Anthropology is a discipline that prizes cultural relativity and adaptability. We have a global perspective but insist on analyzing that through the local experiences of people around the world. Studying overseas is an excellent way in which to immerse yourself in a social context that is not your own and to learn the limits of your own cultural point of view. If you are seeking to internationalize your degree you can do so by studying abroad in our iBA (international BA) program, through the York International Internship Program or, by taking one of our Study Abroad courses such as the International Field School in Greece.
We also offer high impact experiential education opportunities such as our Research Methods course (ANTH 3110 Acquiring Research Skills) and a fourth year work placement study (ANTH 4130 The Professional Anthropologist). These courses provide hands-on skills training that lead to innovative careers.
To provide focus to our course offerings, we have organized specialization programs in the following areas:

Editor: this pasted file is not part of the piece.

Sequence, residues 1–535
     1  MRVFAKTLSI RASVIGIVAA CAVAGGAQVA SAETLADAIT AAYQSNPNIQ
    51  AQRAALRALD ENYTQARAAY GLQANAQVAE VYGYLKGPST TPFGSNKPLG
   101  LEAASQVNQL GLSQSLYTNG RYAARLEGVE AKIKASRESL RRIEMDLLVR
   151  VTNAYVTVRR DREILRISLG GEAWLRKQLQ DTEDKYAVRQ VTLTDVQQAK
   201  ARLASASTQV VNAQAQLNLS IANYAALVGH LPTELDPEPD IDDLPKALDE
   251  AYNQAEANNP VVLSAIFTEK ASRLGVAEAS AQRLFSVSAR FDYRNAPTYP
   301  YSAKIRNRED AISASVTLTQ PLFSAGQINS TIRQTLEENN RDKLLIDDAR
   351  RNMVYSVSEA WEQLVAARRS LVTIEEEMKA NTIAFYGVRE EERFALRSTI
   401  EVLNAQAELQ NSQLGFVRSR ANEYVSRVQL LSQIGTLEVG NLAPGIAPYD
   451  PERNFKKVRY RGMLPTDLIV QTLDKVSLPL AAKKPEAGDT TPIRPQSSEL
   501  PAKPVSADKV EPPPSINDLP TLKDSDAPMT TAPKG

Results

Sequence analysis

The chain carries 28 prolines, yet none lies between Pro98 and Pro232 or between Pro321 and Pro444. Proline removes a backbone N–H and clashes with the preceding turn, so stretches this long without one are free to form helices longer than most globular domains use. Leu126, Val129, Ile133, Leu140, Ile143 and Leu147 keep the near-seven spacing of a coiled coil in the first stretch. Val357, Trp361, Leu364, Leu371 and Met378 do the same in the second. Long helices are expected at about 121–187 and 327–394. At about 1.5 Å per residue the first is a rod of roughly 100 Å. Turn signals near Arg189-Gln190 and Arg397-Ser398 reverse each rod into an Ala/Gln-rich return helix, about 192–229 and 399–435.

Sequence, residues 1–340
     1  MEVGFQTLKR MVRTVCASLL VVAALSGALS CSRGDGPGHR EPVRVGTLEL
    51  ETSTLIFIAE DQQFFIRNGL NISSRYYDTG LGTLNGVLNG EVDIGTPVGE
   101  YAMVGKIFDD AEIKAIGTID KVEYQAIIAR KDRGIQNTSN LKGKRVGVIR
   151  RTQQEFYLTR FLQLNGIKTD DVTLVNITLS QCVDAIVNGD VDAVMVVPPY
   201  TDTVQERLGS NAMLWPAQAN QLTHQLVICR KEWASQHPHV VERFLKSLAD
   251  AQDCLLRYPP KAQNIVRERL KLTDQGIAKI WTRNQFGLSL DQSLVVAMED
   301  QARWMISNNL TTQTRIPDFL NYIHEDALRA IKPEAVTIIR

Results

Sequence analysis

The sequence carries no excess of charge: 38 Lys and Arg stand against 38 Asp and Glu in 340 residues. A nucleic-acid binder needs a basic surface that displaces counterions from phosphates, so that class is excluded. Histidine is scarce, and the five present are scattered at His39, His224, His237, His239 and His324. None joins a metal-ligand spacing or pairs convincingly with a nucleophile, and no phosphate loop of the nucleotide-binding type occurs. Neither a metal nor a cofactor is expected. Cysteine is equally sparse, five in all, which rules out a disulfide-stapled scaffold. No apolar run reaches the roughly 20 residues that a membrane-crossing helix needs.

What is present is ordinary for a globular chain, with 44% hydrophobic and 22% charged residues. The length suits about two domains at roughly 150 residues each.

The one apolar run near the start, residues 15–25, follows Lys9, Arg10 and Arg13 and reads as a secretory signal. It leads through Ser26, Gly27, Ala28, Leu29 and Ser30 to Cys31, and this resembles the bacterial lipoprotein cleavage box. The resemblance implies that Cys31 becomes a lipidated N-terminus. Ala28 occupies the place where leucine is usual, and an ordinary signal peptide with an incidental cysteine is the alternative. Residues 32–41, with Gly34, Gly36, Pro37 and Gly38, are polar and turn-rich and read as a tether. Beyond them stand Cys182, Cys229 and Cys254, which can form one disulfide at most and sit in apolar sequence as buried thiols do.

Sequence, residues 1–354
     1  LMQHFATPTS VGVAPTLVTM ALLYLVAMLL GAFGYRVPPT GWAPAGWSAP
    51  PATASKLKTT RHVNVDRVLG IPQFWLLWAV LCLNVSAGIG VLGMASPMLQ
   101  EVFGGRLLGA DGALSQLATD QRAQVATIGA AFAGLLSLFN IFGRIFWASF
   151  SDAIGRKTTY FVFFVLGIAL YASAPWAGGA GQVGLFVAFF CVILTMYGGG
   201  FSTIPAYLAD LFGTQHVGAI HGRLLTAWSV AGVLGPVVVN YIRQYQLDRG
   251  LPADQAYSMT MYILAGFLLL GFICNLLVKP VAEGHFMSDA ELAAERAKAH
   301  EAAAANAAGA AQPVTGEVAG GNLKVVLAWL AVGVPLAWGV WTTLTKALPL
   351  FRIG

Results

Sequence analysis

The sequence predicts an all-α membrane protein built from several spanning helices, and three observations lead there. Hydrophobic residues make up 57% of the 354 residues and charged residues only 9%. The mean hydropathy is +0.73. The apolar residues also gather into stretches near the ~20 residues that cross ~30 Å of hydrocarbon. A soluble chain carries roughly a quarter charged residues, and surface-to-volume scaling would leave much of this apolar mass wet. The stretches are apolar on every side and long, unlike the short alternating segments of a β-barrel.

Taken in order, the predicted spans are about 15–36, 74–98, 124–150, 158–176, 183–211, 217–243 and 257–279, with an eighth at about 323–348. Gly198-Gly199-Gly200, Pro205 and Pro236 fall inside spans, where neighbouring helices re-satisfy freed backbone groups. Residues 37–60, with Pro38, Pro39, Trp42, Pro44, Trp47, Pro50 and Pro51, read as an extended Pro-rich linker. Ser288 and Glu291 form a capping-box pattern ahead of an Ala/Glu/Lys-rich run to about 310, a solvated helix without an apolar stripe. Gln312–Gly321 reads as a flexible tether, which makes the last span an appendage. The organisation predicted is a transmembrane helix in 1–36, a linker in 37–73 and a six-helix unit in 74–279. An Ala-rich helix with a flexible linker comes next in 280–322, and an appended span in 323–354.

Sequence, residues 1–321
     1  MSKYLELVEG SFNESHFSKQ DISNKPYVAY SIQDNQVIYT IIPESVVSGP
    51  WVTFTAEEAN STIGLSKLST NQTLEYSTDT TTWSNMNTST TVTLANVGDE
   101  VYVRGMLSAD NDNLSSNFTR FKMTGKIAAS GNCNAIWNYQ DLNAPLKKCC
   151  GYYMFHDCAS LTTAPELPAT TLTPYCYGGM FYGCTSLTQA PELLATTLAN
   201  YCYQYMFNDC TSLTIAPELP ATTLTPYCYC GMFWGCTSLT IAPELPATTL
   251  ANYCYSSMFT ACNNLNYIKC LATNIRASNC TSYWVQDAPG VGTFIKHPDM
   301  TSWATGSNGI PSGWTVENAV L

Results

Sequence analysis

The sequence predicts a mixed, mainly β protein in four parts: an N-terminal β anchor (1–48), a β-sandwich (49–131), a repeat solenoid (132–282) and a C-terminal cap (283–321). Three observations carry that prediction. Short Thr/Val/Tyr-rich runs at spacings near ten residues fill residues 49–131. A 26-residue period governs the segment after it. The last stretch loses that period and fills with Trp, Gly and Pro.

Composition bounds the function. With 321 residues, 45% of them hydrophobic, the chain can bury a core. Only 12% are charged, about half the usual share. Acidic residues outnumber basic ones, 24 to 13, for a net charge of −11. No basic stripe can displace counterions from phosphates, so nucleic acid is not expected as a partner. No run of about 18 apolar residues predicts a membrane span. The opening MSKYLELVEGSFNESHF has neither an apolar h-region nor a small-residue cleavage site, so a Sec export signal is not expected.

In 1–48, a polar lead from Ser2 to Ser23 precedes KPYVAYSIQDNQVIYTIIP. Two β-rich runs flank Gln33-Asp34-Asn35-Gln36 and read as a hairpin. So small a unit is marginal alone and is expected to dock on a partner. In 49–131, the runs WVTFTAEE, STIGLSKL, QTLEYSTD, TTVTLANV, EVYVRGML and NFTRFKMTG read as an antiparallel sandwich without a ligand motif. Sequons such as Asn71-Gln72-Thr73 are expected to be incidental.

- Public Anthropology
- Medical Anthropology
Public Anthropology can be pursued as a minor or certificate program. Public Anthropology affirms the role of students and scholars as active citizens, community leaders, and partners in empowerment. It draws on the Department’s long-standing strengths in Applied Anthropology, or Public Anthropology as it is more generally known today. This sub-field encourages student activism by offering a critical, cross-cultural perspective on major public issues, and demonstrates how to effect change by drawing on political forces outside the discipline.
Medical Anthropology can be pursued as a minor or certificate program. Medical Anthropology provides an anthropological perspective on health and illness processes and the socio-cultural factors that shape the experience of illness, patterns of health and disease, and access to health care services. Medical anthropology uniquely studies both cross-cultural and biomedical systems of healing.